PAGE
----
Craft, Forever Fabric, Strings and Things

Large Knitting Needle Holder

This sewn large knitting needle holder is perfect for all sorts and sizes of knitting needles.

A while back, I made a holder for my larger knitting needles. It wasn’t perfect, and it didn’t hold the longest knitting needles that I had (about 15 inches). But I only had one pair of super long needles and I thought, meh. It’s functional. That should be enough right?

Well… I then got a donation of knitting needles and suddenly my little project was truly too little to hold everything that I had. So, I figured this would be the perfect time to make a new one. I upped the size to fit everything, and I got a do over to fix those small mistakes that I wanted to fix the first time around!

Check out the Craft section of MCG for more fun patterns in forever fabrics or more unlimited ideas. Leave a comment below and let me know what you think and how the pattern works for you!


There are a few different supplies that I needed for this project. But it was mainly fabric. I use two types of fabric: one for the inside (plain). And one for the outside. Each rectangles was cut out of each fabric. I cut each rectangleto be slightly larger than the needed size.

Outside Fabric (with design)

  • 16-inches by 10-inches
  • 16-inches by 6-inches
  • 16-inches by 3-inches (x2)
  • 16-inches by 4-inches

Inside Fabric (plain purple fabric)

  • 16-inches by 16-inches
  • 16-inches by 3-inches (x2)
  • 16-inches by 4-inches
  • 16-inches by 6-inches
  • 16-inches by 8-inches
  • 16-inches by 12-inches

The other material that I used for the project was a 16-inch zipper (separable) and purple thread that matched the color of the inside fabric.


the outside

To create the outside of the piece, I needed pieces of the outside fabric (the 16-inches by 10-inches and the 16-inches by 6-inches) and half of the zipper (the side without the zipper pull).

On the piece that was 16-inches by 10-inches, I folded over one of the 16-inch sides to give it an edge. This edge was then attached with pins to the visible side of the zipper. One of the 16-inch sides on the 16-inch by 6-inch piece was then pinned to the zipper on its non-visible side.

This create a piece that is 16-inches by 16-inches in total with a zipper dividing the piece into a 1/3 section and a 2/3 section. I set this piece aside and then switched by focus to the inside.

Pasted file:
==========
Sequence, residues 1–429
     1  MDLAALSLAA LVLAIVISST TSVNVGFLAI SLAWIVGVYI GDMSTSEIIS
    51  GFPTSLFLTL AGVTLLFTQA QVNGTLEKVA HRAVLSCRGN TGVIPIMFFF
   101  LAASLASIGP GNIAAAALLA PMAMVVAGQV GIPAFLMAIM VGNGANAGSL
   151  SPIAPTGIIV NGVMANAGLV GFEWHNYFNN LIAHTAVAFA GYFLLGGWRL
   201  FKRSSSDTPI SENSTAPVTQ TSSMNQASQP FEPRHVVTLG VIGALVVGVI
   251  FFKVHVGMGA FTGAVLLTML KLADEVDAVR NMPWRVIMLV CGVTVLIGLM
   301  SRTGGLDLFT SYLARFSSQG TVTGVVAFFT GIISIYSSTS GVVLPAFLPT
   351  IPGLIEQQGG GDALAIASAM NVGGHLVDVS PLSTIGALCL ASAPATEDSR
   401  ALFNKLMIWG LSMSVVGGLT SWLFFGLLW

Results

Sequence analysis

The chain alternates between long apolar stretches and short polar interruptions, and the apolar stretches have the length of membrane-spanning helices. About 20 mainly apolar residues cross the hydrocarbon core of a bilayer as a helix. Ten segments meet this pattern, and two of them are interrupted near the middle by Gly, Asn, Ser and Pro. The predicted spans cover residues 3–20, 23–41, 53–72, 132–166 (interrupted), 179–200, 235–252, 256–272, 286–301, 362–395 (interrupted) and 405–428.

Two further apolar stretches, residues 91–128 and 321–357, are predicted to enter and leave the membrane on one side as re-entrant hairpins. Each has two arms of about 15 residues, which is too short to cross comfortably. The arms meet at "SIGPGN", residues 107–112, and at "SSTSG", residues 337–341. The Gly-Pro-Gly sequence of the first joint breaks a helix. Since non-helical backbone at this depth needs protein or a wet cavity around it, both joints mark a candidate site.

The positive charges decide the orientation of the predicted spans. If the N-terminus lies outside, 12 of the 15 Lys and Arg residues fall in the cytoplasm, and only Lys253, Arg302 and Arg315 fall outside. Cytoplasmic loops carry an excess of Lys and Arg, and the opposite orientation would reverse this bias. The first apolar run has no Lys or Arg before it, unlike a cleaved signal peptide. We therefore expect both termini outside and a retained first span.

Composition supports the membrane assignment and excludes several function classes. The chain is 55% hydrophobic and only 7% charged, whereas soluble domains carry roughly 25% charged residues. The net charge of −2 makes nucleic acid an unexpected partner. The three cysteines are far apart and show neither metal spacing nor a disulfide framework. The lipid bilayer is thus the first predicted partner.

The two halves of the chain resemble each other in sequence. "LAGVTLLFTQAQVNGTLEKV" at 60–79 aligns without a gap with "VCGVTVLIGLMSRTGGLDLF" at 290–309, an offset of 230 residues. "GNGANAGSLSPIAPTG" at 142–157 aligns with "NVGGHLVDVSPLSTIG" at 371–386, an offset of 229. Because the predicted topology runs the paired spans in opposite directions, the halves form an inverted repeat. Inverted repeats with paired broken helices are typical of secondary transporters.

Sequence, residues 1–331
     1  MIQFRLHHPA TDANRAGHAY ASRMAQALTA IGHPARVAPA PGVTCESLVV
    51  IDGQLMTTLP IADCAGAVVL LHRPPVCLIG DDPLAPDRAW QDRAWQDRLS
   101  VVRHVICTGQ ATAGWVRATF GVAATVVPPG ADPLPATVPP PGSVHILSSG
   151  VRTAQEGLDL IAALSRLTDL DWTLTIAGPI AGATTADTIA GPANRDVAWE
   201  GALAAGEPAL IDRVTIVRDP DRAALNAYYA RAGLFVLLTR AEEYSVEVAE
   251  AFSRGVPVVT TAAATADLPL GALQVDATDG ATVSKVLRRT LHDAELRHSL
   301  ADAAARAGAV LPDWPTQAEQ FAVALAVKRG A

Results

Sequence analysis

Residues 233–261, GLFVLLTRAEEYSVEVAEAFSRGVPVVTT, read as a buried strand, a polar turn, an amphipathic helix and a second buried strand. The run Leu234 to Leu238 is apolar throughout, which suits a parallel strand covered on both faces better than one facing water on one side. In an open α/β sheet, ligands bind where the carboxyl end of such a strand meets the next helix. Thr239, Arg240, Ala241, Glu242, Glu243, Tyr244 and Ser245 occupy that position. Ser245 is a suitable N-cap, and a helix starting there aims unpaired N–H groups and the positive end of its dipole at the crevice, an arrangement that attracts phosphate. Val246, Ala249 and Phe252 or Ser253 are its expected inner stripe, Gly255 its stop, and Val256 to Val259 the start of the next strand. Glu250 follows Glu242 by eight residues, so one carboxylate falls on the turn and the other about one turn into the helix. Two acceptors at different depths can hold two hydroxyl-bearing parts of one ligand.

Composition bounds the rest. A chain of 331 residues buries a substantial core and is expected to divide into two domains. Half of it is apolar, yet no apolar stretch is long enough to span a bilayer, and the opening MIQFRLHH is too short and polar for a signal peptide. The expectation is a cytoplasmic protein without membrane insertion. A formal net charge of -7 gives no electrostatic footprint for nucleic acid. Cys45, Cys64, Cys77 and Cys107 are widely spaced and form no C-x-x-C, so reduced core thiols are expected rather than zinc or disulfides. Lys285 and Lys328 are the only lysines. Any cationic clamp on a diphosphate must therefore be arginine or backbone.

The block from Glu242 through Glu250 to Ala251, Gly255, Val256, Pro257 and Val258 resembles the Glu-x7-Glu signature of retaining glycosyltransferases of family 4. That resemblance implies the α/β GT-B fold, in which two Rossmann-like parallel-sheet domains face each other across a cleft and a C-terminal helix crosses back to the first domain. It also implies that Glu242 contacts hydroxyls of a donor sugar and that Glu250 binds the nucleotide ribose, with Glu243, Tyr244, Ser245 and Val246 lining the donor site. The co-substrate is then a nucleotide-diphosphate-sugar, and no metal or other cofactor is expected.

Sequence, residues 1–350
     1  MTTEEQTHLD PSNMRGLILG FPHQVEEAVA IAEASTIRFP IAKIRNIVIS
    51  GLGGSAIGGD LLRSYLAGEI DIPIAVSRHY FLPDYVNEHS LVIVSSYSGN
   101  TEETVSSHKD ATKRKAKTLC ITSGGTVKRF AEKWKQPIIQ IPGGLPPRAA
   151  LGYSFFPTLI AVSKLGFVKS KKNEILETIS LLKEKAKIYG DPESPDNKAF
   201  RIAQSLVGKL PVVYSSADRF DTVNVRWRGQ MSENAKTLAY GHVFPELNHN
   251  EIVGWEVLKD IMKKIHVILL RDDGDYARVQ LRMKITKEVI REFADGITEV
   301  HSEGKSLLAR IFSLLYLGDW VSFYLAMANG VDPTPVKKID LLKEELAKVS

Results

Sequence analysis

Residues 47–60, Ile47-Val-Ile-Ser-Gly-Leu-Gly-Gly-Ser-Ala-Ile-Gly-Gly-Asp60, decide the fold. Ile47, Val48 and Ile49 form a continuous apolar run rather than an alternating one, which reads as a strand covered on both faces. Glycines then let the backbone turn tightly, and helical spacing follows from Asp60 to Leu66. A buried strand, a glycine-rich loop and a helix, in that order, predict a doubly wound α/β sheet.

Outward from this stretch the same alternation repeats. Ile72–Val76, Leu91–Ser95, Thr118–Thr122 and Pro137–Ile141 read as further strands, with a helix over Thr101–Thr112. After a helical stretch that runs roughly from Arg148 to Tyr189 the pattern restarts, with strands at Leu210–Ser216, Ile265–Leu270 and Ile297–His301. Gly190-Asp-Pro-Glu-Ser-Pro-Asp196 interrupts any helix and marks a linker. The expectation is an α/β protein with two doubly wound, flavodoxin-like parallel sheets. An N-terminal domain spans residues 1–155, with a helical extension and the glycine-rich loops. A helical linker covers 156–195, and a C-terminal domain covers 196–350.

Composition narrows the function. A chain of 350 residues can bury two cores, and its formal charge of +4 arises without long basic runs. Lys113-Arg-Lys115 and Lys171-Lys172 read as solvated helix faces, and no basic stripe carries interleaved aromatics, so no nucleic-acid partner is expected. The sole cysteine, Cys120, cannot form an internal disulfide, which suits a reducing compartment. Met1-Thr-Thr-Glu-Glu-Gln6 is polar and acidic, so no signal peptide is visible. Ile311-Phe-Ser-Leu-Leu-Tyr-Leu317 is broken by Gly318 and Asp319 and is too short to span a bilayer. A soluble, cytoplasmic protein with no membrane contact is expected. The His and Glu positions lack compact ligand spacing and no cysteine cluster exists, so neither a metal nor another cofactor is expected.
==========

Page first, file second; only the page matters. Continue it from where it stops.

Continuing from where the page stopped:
the inside – flaps

The inside of the piece is a little more complicated than the outside. It is made of up three overlapping pockets and their corresponding flaps.

To create the flaps, I needed both 16-inch by 3-inch pieces of both fabrics (so four pieces in total) and the 16-inch by 4-inch piece of both fabrics. I sewed each inside piece to it’s corresponding outside piece with the “right” sides facing in along the 16-inch edge.

The 3-inch and 4-inch edge were left open. This stitch will basically create a tube. After flipping the fabric right side out, I used an iron to flatten each tube. The flaps are then put to the side for later.

the inside – Pockets

The smallest pocket will be made from the 16-inch by 6-inch piece of fabric. I used the inside fabric for this piece, but the outside fabric also would have looked good as well. This pocket will be the one that is the most visible.

Along one of the 16-inch edges, I gave the piece a finished edge. This was made by folding a bit of fabric over the edge and then folding it again. This hides the unfinished edge from both the inside and the outside.    

For the remaining two pockets, I did the same finish along one of the 16-inch edges, but I also added on one of the 3-inch by 16-inch flaps. Basically, once the edge was lined up and ready to be sewn, I aligned the edge of a flap along the edge and sew them together. This was done for the remaining two pockets.

Then it was time to layer the project. The 16-inch by 16-inch piece was laid down as the base layer. Then the largest pocket was placed to align with the bottom edge. The middle pocket was laid down next, also aligned with the bottom edge. Lastly, the smallest pocket is placed, again aligned with the bottom edge.

At this point, all pieces except for the 16-inch by 4-inch flap should be set in place. The last flap should be place aligned with the top edge of the piece. Now it’s time to slip each pocket into a smaller pocket.

I decided to create 4 pockets because the 16-inches divided by 4 nicely. More or less can be done depending on the storage needs and how sperate you want your knitting needles. To do this, I just sewed straight lines through the entirety of the inside. All flaps and all pockets. To create four pockets, three lines were sewed on the inside.

Combining the Inside and the Outside

The last step of the project is the easiest one. Combining the inside and outside pieces of the project! I laid the outside piece on the table, “right” side up. Then I placed the inside piece aligned on top of it with the “right” side facing down. The sewn in zipper should be perpendicular to the pocket entrances.